The creator of the A-Z road maps is to be honoured with the unveiling of a Southwark Council Blue Plaque.
Phyllis Pearsall's map idea was ridiculed
Phyllis Pearsall walked 3,000 miles to create the atlas of London, which first went on sale in 1936.
She had the idea when she became lost while trying to find the homes of people she had been asked to paint.
The plaque will be unveiled on Wednesday at 3 Court Lane Gardens, East Dulwich, south-east London, where the artist was born in 1906.
After coming up with the idea shortly after her 29th birthday, Mrs Pearsall employed some freelance draughtsmen.
The first A-Z Map of London went on sale in 1936
She then set about indexing all 23,000 London streets on foot, and despite scepticism and ridicule, her first A-Z London was on the bookshelves of WH Smith by 1936.
The most recent maps available at the time were the 1919 Ordnance Survey maps.
The A to Z company that Mrs Pearsall founded and supported until her death in 1996 is still going strong today, and employees from the company even meet annually to celebrate the birthday of their much-loved founder.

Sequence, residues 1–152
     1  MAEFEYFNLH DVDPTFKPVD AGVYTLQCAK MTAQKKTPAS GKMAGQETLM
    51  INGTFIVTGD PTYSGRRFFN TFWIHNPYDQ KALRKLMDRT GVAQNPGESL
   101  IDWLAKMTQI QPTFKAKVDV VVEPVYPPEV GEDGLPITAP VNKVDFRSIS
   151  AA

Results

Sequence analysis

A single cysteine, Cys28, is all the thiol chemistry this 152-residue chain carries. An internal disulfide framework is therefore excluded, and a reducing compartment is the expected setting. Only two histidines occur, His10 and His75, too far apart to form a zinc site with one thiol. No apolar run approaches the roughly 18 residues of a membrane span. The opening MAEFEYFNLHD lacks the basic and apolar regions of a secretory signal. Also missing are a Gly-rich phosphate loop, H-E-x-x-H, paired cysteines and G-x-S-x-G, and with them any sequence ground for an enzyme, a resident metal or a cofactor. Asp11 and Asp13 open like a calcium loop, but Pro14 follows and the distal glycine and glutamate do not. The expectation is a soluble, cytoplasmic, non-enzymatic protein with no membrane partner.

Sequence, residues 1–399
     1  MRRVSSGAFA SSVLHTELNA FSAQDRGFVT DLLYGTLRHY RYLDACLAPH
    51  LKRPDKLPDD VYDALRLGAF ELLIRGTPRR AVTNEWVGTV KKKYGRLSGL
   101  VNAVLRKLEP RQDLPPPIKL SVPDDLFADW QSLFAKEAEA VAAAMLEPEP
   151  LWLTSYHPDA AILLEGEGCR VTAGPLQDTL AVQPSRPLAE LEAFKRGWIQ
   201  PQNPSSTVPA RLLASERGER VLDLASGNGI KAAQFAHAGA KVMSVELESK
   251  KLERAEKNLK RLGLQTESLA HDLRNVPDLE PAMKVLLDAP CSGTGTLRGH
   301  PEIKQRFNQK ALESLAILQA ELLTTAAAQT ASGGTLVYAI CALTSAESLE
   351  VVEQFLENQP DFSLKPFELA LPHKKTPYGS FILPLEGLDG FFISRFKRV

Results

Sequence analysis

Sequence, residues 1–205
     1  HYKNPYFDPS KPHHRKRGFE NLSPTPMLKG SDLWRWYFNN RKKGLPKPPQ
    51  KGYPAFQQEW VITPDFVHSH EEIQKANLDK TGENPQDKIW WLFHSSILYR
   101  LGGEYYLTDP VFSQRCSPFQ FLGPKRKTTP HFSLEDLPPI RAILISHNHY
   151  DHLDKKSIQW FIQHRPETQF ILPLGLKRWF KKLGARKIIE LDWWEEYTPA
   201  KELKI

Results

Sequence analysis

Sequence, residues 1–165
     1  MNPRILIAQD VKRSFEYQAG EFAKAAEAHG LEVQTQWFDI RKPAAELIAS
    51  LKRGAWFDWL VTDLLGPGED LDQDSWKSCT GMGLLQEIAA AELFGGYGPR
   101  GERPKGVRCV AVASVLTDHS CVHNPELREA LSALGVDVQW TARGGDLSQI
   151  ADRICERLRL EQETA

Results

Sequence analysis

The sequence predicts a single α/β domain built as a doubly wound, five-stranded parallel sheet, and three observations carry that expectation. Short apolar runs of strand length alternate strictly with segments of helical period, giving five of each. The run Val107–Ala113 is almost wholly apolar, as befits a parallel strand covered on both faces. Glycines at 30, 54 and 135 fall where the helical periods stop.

John Frankel, managing director of Geographers' A to Z Map Company Ltd, said: "It's a fitting tribute to Mrs Pearsall that her name will be displayed in Dulwich in recognition of her contribution to mapping the streets of London.
"The A-Z brand of mapping is now a market leader throughout the UK. Mrs Pearsall continues to be an inspiration to us all."
She was awarded an MBE for her work. She died of cancer on 28 August 1996, a month before her 90th birthday.
Southwark Council's blue plaques scheme was born in 2002 to give residents and visitors the chance to decide which local icons, past and present, they want to see remembered with a plaque.